All CBC / Public Broadcasting Articles
Four employees involved in CBC broadcasts earn more than $300,000 a year, taking home on average about $485,667 annually in total compensation. But the public broadcaster won’t identify who they are.
Columnist says Prime Minister Stephen Harper has waded into the debate over the future of Canada’s television industry, using a high-profile speech to press for pick-and-pay options that would let viewers buy only the channels they choose.
Canada’s public broadcaster says it can no longer afford to offer its television programming for free over the air as its advertising revenue deteriorates, and it wants cable and satellite companies to start paying for its signals.
FRIENDS spokesperson, Ian Morrison, makes a presentation to the CRTC on the commission's hearing about the future of television in Canada.
In order to understand the nuance of opinion related to TV broadcasting in Canada among communities which may be affected by changes in Canada’s broadcasting rules, Nanos conducted a special study of communities “at risk” of either scaled back local news or of their local TV station closing.
Concern about the future of local TV will be front and centre at the CRTC hearing on the future of TV with the release of a Nanos opinion survey of residents in five swing ridings.
Columnist says the CRTC hearing is ultimately about providing consumers with more choice.
The CBC has sold its historic building on Riverside Drive, though the national broadcaster will continue to lease space from the new owner.
Ontario argues that online digital media providers should pay into fund to finance the creation of Canadian content.
FRIENDS says proposed changes to broadcasting regulations up for discussion starting this morning would not be good for Canadian broadcasting and they won't do consumers any favours either.
At the start of CRTC hearings that could radically transform the country’s television system, the views of Canadians are expressed in this full-page ad in The Hill Times.
In advance of CRTC hearings that could radically transform the country’s television system, the views of Canadians are expressed in this full-page, french language ad in Le Devoir.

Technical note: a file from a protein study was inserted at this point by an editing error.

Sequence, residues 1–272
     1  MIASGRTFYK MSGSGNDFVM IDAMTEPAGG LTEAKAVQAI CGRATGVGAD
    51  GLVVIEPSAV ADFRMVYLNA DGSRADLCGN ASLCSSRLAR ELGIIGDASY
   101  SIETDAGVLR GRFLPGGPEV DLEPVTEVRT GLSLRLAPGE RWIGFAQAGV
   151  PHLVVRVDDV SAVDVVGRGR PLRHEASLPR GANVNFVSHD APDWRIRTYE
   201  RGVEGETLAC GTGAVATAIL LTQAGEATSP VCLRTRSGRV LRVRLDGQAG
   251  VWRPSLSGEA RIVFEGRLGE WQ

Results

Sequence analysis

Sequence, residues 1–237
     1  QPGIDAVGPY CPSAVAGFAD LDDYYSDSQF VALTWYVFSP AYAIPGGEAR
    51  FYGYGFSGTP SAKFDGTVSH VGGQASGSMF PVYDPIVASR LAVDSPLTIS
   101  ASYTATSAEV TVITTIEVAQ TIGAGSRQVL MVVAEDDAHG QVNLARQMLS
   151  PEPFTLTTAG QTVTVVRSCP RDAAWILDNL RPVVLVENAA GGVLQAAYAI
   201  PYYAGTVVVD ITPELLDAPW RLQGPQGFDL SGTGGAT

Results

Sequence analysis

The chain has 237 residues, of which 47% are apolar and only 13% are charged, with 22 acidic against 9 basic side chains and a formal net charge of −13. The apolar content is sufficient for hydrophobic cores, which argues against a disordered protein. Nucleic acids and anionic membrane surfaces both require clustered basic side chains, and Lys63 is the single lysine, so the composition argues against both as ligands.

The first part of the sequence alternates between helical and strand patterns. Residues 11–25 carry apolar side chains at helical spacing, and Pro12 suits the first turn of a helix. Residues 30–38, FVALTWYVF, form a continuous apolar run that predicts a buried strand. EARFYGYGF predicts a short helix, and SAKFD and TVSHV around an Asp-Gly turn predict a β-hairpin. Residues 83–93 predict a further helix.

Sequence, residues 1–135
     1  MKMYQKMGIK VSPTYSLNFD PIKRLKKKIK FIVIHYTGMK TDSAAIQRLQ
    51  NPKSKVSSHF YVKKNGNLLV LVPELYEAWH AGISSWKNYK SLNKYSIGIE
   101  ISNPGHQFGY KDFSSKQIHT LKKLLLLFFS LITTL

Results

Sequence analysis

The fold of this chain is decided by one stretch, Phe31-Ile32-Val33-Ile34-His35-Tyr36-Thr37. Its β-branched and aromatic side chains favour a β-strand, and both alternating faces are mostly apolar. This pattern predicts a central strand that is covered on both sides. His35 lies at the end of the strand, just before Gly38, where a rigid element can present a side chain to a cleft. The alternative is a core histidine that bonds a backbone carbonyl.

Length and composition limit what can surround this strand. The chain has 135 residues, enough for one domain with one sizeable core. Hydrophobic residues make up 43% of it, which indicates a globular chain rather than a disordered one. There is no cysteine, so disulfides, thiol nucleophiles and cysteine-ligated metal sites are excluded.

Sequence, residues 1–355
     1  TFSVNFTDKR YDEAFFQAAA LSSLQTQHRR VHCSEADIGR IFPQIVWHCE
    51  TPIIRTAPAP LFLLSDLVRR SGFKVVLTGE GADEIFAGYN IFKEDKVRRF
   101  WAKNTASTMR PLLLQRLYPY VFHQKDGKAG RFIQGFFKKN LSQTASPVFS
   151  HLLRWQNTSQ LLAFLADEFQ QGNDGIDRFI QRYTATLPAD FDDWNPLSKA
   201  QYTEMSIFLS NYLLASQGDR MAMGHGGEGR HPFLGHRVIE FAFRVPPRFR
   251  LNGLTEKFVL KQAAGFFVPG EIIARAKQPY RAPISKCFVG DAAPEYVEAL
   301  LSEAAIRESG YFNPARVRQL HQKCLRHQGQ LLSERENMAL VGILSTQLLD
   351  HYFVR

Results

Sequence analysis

On the eve of a CRTC hearing that could result in the gutting of Canada’s TV rules, a new Nanos survey finds the sweeping changes up for consideration are on shaky ground with Canadians.
A national random telephone survey conducted for the Friends of Canadian Broadcasting in collaboration with ACTRA and Unifor by Nanos Research on Canadians views about television.
A new Nanos Research poll says a strong majority of Canadians trust the CBC and most want its funding increased or maintained.
A new Nanos Research Poll says Canadians are split in their support of the sweeping changes to cable and television being considered by the CRTC.
A new poll by Nanos Research says that among federal Conservative supporters 51 percent would like CBC funding to be maintained, 25 percent would like to see CBC funding increased and 21 percent would like to see funding decreased.
The CBC is inviting the public to connect, engage and take part in live interactive discussions with its on-air and program personalities, and other Canadian film and television industry heavyweights.
While CBC President and CEO Hubert Lacroix did blame softening advertising revenue and "disappointing" ratings when announcing the latest round of cutbacks, he also mentioned the government cuts.
FRIENDS launches radio ad campaign featuring the actual voice of a Winnipeg Conservative MP declaring that the Harper government has NOT cut the CBC’s budget.